Saturday, June 29, 2013

Best Documentary Short Highlight - So Much for So Little (1949)

So the 1949 Oscars was a good night for Chuck Jones's reputation and Edward Selzer's ego. The duo won the Best Animated Short Oscar for For Scent-imental Reasons with Jones doing most of the work and Selzer getting most of the glory. However, that wasn't the only stake that two Warner Bros. titans had that night. For they had another film in the running in another category. Their animated documentary So Much for So Little, a film commissioned by the Federal Security Agency Public Health Service, was up for the Best Documentary Short Oscar.

Non-Nominated Highlight - Canary Row (1949)

So I started the Non-Nominated Highlight to introduce films that are great but did not get an Oscar nomination. I haven't done very many of these because I've been too lazy to write extra about films, and many of the really great ones have been dissected to death by people that actually know what they're talking about. So so far I've only written about The Cat Piano, Oink, and What's Opera Doc. However, in this particular year there's a film that I have to write about, because it's closely tied with the history of the Best Animated Short category.

So if you've read the 1949 review, you might have noticed that there were four official nominees. However, what you may not have known as that when the nominees were announced in early 1950 there were five nominations! What happened to the fifth nominee? Well, this was the controversy I was talking about. Apparently shortly after the nominations were announced the producer actively withdrew the nomination. This was a highly unusual move. There's been plenty of times that the Academy rescinded a nomination because of eligibility issues*, but having the nominated party actually withdraw their own nomination was a highly unusual move. It happened only four times, twice times in the Best Art Direction category in 1941 and 1944, and once in the Best Motion Picture Story category in 1956. And once was of course in the Best Animated Short category. The film that got its heart ripped out? The Tweety and Sylvester film Canary Row.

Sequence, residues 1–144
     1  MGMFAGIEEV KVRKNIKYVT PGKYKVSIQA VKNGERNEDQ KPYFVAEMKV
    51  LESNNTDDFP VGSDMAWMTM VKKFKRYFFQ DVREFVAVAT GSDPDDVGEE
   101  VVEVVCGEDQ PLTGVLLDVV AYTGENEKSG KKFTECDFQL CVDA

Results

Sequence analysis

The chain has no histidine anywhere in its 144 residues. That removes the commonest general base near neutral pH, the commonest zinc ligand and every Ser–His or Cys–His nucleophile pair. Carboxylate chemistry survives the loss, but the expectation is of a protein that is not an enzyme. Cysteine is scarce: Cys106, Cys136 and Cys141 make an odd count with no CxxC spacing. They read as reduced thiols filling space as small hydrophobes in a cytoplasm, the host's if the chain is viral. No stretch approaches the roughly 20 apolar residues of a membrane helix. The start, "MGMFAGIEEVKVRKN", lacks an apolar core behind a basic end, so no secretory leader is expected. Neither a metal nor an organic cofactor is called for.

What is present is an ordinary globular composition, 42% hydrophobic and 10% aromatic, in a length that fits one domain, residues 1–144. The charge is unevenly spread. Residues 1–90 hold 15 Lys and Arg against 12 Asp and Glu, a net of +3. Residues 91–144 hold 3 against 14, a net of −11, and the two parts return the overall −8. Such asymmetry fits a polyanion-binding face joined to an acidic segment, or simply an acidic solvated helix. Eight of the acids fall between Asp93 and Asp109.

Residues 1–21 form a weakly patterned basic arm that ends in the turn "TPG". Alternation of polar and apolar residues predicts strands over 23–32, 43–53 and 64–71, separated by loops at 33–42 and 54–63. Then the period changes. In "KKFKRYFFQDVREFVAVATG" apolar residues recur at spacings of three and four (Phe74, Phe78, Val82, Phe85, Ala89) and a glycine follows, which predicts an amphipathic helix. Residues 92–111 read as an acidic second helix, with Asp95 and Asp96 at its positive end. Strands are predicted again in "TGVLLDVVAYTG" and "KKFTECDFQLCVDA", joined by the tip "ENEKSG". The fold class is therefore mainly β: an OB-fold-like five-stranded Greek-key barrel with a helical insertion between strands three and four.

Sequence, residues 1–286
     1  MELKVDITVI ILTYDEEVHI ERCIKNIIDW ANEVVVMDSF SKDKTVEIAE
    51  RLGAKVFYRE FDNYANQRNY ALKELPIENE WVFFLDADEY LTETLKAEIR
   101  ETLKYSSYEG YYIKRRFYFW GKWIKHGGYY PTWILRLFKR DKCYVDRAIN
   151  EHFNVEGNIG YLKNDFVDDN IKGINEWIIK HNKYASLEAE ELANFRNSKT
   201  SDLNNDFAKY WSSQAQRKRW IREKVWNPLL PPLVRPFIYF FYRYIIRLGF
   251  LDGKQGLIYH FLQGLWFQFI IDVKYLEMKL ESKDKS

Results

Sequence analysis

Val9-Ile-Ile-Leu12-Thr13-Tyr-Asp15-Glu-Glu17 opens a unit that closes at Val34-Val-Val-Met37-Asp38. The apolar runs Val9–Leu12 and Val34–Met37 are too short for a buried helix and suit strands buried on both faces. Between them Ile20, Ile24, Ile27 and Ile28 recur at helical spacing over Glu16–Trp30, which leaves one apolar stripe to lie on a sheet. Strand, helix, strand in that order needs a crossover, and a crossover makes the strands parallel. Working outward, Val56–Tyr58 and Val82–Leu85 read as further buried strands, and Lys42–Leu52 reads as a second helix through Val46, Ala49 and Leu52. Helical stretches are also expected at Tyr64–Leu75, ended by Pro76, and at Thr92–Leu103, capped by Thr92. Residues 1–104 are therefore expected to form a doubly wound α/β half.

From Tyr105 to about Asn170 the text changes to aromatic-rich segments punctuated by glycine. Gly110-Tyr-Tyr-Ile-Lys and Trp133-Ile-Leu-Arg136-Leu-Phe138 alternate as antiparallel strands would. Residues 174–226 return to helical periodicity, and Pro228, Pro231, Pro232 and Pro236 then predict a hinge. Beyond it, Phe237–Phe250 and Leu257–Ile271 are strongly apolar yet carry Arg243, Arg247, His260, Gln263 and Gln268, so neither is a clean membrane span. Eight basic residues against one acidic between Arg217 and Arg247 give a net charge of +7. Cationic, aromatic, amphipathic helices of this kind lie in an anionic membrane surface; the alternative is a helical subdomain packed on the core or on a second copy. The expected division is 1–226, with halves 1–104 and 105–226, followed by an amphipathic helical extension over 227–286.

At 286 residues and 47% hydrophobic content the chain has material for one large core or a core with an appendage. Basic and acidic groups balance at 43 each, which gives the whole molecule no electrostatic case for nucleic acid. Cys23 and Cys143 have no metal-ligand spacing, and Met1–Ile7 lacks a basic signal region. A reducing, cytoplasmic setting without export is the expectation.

*The most notorious case of a rescinded nomination was with Young Americans, the documentary that was nominated for Best Documentary Feature in 1969 only to have it declared ineligible AFTER it had WON the Oscar. It was one of a few time that somebody had to return an Oscar they thought they had won.

Wednesday, June 26, 2013

Best Animated Short - 1949

I love my grandma. At 91 she has been through so much, from the Sino-Japanese War to the Chinese Civil War and eventual exile to Taiwan, but she is still sharp and optimistic. I enjoy listening to her stories about growing up in China in the 1920s and 1930s, about her mischievous adventures with her older brother*, and the embarrassing story involving my dad and aunts. Of course, she also had some difficult stories, such as stories involving Japanese brutality or the difficult times in the post-war Shanghai. One of the most haunting stories was how she was at the bedside of my great-grandmother when she passed away. In my sheltered existence it's hard to imagine how difficult it must have been. My grandma was only 27. She had just fled to Taiwan, and now she was watching her mother-in-law-to-be die in front of her eyes. The moment is still sharp in her memory, especially since she recently observed that two of her children had lived to be 60, which was how old my great-grandmother was at her passing.

*Most of her tales were involved middle brother, four years her senior. She also had an eldest brother that was nine years older. She usually held him in higher regard because he was so much older and more mature than her. I am nine years older than my youngest sister. I wonder what sort of stories she will tell her grandchildren when she is 91. How I am obsessed with a cartoon pony? How much of a baseball fan I was? Gosh, what would people think about animation like My Little Pony in 2085? And how many 300 game winners would there be by then? Sometimes I wish to have a time machine like in Doraemon to figure out the answers to these questions.

Gee...that's some heavy stuff. Why am I telling you all this? Because that happened in 1949. Yeah...let's move on to the Oscars.

Wednesday, June 19, 2013

Best Animated Short - 1950

And we are now ready to bid good-bye to the 1950s. It was a good decade, with tons of classic films and several years with only three Best Animated Short nominees and the golden age of baseball when the Yankees ruled the sport. But most of all it was the decade where almost but one of my aunts and uncle was born*. My oldest aunt was born in the year 1950, and so she is now closing in on her 63rd birthday in August, which makes her approximately the same age my grandma when I was born. Which means I'm now the same age that my grandmother was when she had my oldest aunt. My reaction to that is the same as Ludwig von Drake after his horrible pun in A Symposium on Popular Songs. But such is the effects of time. We're all getting older, and some day in the distant future we'll be as relevant as the people from the 1860s that went about their daily life.

*My mom's youngest brother was born in 1961.

Well, that's enough depressing stuff. Let's move onto the Oscars.

Wednesday, June 12, 2013

Best Animated Short - 1951

So sad that my post earlier this week about Rainbow Dash being awesome got more than four times the views than any of my other posts. That's what I get for posting it on Reddit. Maybe I should do it for my reviews. Hmm...